Within the industrial real estate market, the topic of continued demand outstripping supply remains exactly the same, according to data released this week by Los Angeles-based real estate developer CBRE.
CBRE explained that after a record year, in the US industrial real estate market in 2021, market conditions have moved into the first quarter, with strong demand for space remaining the common theme.
CBRE’s first-quarter results included:
– The overall vacancy rate in the first quarter was 3.1%, which indicates that tough market conditions have reduced uptake compared to the first quarter of 2022;
– Mesh uptake reached 93.8 million square feet, registering an increase of 10.4%, while remaining above the 10-year average;
– Construction completion rate was 86.2 MSF (with 62% pre-letted), up 27.5% annually but down 27.8% compared to Q4 2021;
Activity under construction was 545.4 MSF (with 32.5% pre-letted), Dallas/Ft. Worth, Atlanta, PA Corridor I-78/81 and Inland Empire making up a third of the total; And
Average required rent is up 3.7% sequentially and up 11.8% annually to $8.94 per square foot, a new record high.
“Demand from occupiers who need a secure stockpile to weather supply chain disruptions should lead to an increase in the rental rate and a record low vacancy rate despite there being a significant amount of new development this year,” CBRE said.
Matthew Wallazek, Director of Research, Industrial and Logistics at CBRE, described industrial property activity in the first quarter as good but not great, with continuing trends toward positive tailwinds driving the need for more space and demand again outpacing supply as it exits from Record year 2021.
It’s impossible to match, he said, “it was just a quarter of a commodity.” “Obviously the market is still on good foundations. From the investor side, it can be considered great, despite the high interest rates, and from the occupier side, there are of course challenges in terms of pricing. [from 2021] carried over, and companies continued to lease space in response to strong consumer demand. It’s really cool, because of what’s going on with inflation, and we’re looking at that more closely to see how that affects the demand for industrial space, in particular. “
Even with inflation soaring to a 40-year high, he said consumer spending remains strong, even though prices are rising sharply for many different things, which in turn are driving the need for more space, Walazik said, with the caveat. It’s a risk in the future but not in the first quarter.
Demand for industrial real estate space continues to be good for different types of occupants, Walazik noted, including 3PLs, general wholesalers, food and beverages, manufacturers, and big box retailers, collectively keeping the first-quarter vacancy rate at 3.1%. , which is well below the historical average of 5.9%.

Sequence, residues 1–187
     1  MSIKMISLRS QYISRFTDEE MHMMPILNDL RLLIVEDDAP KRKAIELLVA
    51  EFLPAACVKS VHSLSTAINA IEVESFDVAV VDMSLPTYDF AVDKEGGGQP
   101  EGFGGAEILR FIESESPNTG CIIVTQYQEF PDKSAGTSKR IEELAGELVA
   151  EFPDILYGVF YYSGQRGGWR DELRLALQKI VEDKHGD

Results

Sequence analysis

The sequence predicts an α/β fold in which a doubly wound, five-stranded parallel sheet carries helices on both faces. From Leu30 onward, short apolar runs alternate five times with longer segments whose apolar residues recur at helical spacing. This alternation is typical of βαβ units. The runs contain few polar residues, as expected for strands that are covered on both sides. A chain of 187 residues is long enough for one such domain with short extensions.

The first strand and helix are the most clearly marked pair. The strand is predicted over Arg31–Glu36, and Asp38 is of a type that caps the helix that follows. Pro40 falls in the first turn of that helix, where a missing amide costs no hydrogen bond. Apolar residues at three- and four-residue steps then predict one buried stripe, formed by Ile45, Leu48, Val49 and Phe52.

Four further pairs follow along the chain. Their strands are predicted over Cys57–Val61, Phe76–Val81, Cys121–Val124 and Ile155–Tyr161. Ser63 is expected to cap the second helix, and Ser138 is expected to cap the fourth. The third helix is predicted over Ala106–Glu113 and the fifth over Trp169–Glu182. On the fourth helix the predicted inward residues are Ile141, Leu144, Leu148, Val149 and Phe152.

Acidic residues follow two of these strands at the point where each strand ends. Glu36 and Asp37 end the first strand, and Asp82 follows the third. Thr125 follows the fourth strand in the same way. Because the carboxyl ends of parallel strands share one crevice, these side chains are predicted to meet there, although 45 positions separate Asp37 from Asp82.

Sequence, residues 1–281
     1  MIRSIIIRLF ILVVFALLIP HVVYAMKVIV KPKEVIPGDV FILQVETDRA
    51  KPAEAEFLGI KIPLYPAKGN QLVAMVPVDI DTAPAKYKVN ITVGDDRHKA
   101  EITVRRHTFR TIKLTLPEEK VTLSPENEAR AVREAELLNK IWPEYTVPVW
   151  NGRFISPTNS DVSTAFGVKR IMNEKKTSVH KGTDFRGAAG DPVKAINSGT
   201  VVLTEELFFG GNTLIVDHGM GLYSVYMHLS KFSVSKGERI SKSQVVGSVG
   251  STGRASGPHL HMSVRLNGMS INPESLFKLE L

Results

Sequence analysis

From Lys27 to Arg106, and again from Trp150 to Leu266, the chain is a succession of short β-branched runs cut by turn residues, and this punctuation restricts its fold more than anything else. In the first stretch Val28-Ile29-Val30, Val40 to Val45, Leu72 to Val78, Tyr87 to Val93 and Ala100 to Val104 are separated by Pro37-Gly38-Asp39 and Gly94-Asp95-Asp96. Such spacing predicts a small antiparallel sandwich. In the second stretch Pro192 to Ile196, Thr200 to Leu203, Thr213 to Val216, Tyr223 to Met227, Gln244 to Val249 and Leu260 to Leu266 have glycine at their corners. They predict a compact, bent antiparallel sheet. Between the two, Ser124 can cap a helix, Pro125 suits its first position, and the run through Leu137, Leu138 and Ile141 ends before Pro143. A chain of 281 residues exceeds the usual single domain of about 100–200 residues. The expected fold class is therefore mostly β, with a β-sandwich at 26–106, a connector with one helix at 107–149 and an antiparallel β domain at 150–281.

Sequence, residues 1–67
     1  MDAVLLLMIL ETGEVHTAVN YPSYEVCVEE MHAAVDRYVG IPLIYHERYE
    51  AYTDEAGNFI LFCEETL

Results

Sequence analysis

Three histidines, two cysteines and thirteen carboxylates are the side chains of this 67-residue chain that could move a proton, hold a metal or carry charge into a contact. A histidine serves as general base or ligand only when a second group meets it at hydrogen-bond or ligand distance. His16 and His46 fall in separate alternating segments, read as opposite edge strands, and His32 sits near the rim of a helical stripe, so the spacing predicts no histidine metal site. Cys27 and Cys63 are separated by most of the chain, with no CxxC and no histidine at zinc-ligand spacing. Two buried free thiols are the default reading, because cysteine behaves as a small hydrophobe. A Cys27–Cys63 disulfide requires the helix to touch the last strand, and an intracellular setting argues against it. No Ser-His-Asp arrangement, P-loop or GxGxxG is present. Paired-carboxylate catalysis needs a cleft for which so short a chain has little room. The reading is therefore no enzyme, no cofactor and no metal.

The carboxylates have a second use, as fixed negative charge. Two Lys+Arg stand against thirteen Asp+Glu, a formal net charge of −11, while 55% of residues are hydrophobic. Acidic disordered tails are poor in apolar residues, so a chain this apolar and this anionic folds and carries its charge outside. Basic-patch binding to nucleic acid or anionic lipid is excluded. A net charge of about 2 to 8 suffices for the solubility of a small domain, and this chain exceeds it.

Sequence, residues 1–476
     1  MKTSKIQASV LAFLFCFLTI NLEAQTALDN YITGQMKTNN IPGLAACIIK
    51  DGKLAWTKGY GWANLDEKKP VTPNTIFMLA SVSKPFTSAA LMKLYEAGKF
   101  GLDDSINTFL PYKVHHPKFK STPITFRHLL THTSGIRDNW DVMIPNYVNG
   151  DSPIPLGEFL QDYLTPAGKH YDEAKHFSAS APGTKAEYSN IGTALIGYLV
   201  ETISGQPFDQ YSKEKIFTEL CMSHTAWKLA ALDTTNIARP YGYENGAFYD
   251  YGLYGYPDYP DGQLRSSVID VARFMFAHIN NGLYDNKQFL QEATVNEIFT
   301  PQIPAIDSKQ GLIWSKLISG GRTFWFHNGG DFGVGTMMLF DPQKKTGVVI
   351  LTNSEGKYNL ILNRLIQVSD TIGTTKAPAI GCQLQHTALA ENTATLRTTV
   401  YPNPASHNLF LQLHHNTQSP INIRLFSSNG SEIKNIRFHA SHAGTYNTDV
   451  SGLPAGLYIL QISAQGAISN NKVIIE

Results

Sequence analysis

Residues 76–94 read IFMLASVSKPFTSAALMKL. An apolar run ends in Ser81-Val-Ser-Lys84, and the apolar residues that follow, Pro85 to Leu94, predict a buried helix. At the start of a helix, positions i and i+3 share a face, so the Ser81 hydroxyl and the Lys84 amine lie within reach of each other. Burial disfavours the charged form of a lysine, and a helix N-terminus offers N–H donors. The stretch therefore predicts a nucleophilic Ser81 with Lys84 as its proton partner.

CBRE noted that despite a significant amount of new supply in its industrial property pipeline, strong demand for first and second generation space is expected to keep availability historically low this year.
To this end, Walazek explained that tight market conditions are expected to continue, given the volume of demand there.
“We expect the vacancy rate to hover around current levels,” he said. “I don’t know if it’s going to go down much more, it might just go down. We’re about to hit a balance. In terms of rents, they’re going to keep going up, because in a lot of markets, there’s almost no space available. Rents have only one place to go, And that’s higher. We’ll continue to see double-digit rent growth, in relation to average net demand and then take rents to go up even higher. That paints a picture of that being a bit challenging for occupiers, but it’s still a very hot market.”
On CBRE’s list of net absorption of major markets, Chicago ranked first, at 10.6 MSF, followed by Phoenix at 9.0 MSF. The top five were Houston, Dallas/Fort. Worth and Charleston at 7.4 MSF, 6.6 MSF, and 5.4 MSF, respectively. For the markets with the largest area under construction, the top five markets were: Dallas/Ft. Worth, at 57.3 MSF; Inland Empire, at 34.4 MSF; Penn Pass/I-78/81, at 33.5 MSF; Atlanta, 30.5 MSF; Phoenix at 26.6 MSF.
About the author
Jeff Berman, Group News Editor Jeff Berman is Group News Editor at Logistics ManagementAnd Modern Material HandlingAnd Supply Chain Management Review. Jeff works and lives in Cape Elizabeth, Maine, where he covers all aspects of the supply chain, logistics, freight transportation, and material handling sectors on a daily basis. Contact Jeff Berman